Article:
Lightroom Workflow: Creating Contacts
by Ken Milburn
Now, time was when I really didn't like contact sheets much because they had too many drawbacks. The images were all tiny (1 X 1.5 inches if I shot 35mm), you had to spin the sheet around to see the verticals properly. Furthermore, there was no practical way to leave out anything or to re-arrange images so that all the verticals, or even all the pictures of one subject, were on one sheet. It was really hard to see the frame numbers and there was no way to label the images any other way than the way the film maker automatically labeled them. Furthermore, the frame numbers were the same for every roll of film and gave you no clue as to which camera shot them.
Now, along comes the Lightroom Print module. It overcomes every one of the problems I just mentioned. It also has some BIG advantages: You can put virtual copies onto your contact sheets. That means that you can show "proofs" of what several variations might look like...or print them for a model's or entertainer's "book." Besides, you can make "custom" contact sheets so that you can choose to show the images at the size and orientation that's best suited to the "look and feel" of the shoot. In other words, you might want lots of the photos crowded onto a single page if you're just looking for changes in expression, lighting, or position over a series of shots. On the other hand, if you're evaluating landscapes or small differences in image texture and content, you may want to have the individual thumbs relatively large.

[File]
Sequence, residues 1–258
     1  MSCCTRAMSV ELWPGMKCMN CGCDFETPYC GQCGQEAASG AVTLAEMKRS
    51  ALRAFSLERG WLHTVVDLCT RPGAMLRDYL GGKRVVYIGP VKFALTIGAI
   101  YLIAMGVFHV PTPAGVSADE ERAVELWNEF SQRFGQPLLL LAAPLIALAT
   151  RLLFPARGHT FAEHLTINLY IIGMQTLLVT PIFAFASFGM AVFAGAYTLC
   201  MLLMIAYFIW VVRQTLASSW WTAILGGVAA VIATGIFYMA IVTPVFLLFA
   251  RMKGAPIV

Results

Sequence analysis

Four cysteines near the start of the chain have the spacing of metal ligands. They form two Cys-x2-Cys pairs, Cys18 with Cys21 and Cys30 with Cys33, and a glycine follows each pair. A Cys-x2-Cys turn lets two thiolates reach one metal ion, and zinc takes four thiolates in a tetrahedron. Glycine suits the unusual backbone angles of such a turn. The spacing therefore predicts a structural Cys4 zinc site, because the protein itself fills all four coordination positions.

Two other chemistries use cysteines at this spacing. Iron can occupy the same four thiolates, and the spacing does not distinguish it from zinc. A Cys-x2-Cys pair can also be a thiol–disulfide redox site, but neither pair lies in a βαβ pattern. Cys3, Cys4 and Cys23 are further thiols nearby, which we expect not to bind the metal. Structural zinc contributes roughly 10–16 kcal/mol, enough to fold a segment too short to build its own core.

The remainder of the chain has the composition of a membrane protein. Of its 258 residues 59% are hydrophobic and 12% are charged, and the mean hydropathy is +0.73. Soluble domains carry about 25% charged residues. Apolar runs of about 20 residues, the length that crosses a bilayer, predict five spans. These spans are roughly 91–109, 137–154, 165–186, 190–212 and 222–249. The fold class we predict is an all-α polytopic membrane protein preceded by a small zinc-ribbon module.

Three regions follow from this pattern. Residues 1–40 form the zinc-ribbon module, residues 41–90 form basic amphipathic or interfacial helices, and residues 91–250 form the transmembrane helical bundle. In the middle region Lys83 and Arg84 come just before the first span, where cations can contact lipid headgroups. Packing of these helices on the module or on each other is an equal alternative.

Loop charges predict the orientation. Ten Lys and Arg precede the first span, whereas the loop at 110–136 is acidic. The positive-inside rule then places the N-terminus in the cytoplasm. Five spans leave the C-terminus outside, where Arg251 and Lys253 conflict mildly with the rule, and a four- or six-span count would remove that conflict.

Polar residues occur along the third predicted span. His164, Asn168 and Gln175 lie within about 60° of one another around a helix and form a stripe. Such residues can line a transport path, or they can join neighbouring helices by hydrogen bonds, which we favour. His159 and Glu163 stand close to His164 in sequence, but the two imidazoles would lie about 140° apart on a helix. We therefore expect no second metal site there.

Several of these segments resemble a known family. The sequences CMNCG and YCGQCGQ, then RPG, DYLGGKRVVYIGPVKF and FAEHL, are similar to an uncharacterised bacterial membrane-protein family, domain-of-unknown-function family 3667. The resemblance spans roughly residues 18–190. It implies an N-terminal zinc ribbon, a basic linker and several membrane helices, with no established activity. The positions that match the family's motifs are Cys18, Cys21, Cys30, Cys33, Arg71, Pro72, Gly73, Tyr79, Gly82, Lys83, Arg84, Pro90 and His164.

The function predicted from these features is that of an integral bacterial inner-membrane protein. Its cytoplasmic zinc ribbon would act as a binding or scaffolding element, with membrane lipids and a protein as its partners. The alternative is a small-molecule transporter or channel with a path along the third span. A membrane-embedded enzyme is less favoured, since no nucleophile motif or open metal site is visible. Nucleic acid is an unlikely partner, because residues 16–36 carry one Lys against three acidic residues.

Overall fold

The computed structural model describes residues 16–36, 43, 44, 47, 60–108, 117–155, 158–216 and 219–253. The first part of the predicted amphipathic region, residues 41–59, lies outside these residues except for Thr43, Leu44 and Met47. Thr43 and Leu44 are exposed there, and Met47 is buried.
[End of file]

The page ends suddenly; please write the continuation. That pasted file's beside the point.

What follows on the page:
I've used Lightroom and PDFs for this. Just save your contact sheets as PDFs (in the print dialog, just select "Save As PDF..."). If you use draft mode, you still get high-quality embedded images in the PDF, which are ideal for review with clients. I've used this quite a bit in the past few months and it's a really useful technique.